It is no secret that obesity is an epidemic in America, and we can thank both our culture and our genes for that. Like the stress associated with being a person of color in the United States, obesity is a health problem that is highly correlated with low income. One study conducted in various locations across the country helped show even more factors that contribute to childhood obesity. Breaking up several cities in one state based on median income gave the researchers the ability to break down several behaviors or tendencies and their frequency in each income bracket. The most important factors, “low weekly levels of moderate physical exercise, high levels of daily television viewing, and routine participation in a school lunch program” were a major part of the study, which aimed to learn how each unique community affected thee main factors. Once each student’s weight and height were documented, BMI was used to designate a student as obese or not and each student was asked to fill out questionnaires regarding the amount of TV they watch, the food they eat and the level of exercise they achieve every day. Once the results were gathered, it was clear how big of an impact income has on a child’s daily life. The children in low income cities watched considerably more TV, ate less nutritious food and were able to exercise less, all factors that contribute to obesity. A low income is either directly or indirectly responsible for these things. People with little money are often unable to purchase nutritious food, leaving only the obesity inducing, high sugar and fat foods available to them. In other countries, cheap nutritious food or even cheap food not high in sugar would be an option for its poor citizens, but Americans are often forced to consume junk. Furthermore, low income households are often in neighborhoods with very few public parks to exercise in, and a parent strapped for cash won’t be able to enroll their child in activities like sports to keep them active, while in developing countries, physical activity is usually not optional, and sports are played informally. All these factors contributed to the overall result- the communities with a higher median income also had less children who qualify as obese.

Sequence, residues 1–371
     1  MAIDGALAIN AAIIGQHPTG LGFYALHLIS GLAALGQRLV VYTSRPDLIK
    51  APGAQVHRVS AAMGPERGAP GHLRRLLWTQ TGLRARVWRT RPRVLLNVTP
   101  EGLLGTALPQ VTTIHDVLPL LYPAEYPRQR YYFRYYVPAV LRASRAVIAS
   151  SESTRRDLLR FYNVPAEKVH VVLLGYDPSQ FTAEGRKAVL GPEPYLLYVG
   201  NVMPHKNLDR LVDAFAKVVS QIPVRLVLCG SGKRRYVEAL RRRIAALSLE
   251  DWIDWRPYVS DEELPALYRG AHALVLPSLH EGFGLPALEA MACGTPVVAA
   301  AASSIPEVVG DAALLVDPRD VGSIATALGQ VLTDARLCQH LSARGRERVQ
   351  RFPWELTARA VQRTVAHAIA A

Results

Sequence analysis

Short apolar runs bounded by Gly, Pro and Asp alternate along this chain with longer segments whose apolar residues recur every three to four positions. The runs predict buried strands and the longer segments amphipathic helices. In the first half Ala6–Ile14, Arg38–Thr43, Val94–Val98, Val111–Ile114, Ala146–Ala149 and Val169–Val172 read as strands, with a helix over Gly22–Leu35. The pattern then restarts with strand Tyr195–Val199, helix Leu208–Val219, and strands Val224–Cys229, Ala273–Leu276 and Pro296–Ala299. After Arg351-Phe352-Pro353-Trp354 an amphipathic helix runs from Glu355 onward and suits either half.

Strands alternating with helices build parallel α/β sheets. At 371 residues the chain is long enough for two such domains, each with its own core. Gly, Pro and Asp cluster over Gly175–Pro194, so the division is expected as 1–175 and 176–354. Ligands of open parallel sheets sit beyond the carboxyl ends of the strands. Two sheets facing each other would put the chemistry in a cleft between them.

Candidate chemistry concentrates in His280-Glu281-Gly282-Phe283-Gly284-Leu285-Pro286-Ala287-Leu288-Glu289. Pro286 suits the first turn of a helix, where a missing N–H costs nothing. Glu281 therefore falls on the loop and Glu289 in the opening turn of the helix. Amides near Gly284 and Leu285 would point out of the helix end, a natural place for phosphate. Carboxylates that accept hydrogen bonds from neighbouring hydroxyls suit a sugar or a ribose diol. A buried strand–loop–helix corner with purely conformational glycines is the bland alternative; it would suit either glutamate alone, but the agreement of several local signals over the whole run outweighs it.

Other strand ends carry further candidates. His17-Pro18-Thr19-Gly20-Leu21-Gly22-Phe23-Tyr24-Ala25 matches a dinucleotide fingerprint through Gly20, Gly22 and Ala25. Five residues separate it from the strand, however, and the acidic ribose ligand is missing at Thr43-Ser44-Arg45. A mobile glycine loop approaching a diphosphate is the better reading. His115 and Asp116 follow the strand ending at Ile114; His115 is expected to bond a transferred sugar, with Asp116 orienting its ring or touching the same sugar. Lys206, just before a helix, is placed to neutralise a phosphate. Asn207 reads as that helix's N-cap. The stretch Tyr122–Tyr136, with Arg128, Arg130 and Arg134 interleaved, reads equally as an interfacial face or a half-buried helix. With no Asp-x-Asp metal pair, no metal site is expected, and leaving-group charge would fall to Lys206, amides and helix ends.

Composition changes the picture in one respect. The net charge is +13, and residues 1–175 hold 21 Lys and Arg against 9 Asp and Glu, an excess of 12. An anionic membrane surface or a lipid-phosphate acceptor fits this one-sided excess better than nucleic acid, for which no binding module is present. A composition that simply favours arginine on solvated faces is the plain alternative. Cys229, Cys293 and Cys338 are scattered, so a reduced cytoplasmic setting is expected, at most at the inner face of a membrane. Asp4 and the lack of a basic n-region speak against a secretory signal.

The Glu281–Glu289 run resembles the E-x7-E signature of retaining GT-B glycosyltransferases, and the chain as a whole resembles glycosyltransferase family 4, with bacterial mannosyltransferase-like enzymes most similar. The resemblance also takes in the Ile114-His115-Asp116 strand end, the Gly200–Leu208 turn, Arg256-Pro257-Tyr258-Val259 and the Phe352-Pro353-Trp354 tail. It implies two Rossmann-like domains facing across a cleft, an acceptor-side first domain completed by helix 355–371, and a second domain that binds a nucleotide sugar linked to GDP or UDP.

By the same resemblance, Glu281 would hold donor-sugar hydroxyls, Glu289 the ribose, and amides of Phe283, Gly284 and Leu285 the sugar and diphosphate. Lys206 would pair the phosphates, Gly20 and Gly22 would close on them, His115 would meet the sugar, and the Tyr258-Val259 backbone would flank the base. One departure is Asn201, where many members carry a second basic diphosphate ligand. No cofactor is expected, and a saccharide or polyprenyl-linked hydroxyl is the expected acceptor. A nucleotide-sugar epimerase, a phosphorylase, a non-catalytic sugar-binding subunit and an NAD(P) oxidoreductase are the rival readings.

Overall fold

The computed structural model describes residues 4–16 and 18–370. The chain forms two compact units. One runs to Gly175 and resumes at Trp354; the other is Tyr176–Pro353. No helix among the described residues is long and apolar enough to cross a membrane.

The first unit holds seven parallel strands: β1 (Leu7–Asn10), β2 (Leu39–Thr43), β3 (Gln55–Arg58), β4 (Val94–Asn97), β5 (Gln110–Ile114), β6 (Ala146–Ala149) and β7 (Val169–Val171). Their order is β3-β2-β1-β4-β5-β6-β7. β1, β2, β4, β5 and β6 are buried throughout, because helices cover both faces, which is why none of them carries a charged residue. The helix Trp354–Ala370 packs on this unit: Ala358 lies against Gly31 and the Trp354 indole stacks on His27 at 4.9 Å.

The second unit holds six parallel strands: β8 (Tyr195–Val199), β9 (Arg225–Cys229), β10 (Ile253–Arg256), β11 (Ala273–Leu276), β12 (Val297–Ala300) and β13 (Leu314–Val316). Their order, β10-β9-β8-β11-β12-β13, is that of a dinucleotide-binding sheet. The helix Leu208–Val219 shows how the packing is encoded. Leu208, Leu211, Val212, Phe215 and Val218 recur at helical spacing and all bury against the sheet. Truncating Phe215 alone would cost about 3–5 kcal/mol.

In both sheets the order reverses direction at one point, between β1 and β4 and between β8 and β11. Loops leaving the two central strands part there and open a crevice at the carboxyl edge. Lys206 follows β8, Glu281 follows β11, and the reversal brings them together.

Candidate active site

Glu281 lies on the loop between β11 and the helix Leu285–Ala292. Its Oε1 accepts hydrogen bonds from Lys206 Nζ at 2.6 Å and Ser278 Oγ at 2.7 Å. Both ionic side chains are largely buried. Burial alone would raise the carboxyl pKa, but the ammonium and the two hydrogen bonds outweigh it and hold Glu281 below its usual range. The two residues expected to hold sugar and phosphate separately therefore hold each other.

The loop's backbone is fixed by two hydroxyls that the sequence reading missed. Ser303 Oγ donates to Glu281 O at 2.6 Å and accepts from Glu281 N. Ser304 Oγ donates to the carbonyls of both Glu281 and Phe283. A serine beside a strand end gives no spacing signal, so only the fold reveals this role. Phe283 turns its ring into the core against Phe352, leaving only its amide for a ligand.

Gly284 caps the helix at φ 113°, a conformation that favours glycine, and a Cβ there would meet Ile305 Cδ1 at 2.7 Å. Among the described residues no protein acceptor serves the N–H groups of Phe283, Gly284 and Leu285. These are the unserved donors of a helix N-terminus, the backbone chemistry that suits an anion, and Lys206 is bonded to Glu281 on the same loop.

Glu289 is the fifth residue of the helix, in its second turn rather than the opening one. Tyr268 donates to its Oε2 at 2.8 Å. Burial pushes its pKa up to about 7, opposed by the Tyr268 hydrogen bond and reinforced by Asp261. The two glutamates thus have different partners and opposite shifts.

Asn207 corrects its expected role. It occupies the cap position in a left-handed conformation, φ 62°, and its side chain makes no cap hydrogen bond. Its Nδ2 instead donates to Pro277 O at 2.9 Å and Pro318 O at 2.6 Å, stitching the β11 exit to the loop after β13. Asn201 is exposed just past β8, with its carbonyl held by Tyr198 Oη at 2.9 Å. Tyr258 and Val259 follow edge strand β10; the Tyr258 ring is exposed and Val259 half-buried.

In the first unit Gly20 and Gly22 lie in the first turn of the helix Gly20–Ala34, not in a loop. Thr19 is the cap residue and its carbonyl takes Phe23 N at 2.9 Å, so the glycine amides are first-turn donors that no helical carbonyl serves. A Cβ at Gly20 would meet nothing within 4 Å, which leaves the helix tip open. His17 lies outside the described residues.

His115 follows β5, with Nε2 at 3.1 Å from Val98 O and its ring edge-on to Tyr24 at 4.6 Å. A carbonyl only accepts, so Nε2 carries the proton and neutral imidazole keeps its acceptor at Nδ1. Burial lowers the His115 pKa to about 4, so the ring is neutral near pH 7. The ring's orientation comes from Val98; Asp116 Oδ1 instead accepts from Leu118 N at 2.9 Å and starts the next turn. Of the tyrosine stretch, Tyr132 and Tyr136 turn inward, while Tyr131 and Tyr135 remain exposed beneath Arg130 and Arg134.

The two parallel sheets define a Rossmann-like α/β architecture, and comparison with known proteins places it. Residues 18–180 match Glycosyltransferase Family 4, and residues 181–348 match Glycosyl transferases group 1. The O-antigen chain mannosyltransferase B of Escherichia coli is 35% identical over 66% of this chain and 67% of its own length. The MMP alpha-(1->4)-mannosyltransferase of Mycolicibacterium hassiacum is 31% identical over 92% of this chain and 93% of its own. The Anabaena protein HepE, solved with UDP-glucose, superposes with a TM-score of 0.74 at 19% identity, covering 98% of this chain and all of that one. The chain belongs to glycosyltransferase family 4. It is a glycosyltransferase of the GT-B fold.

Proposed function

Eagle, Taylor F., Anne Sheetz, Roopa Gurm, Alan C. Woodward, Eva Kline-Rogers, Robert Leibowitz, Jean Durussel-Weston, Lavaughn Palma-Davis, Susan Aaronson, Catherine M. Fitzgerald, Lindsey R. Mitchell, Bruce Rogers, Patricia Bruenger, Katherine A. Skala, Caren Goldberg, Elizabeth A. Jackson, Steven R. Erickson, and Kim A. Eagle. “Understanding Childhood Obesity in America: Linkages between Household Income, Community Resources, and Children’s Behaviors.” American Heart Journal 163.5 (2012): 836-43. Web.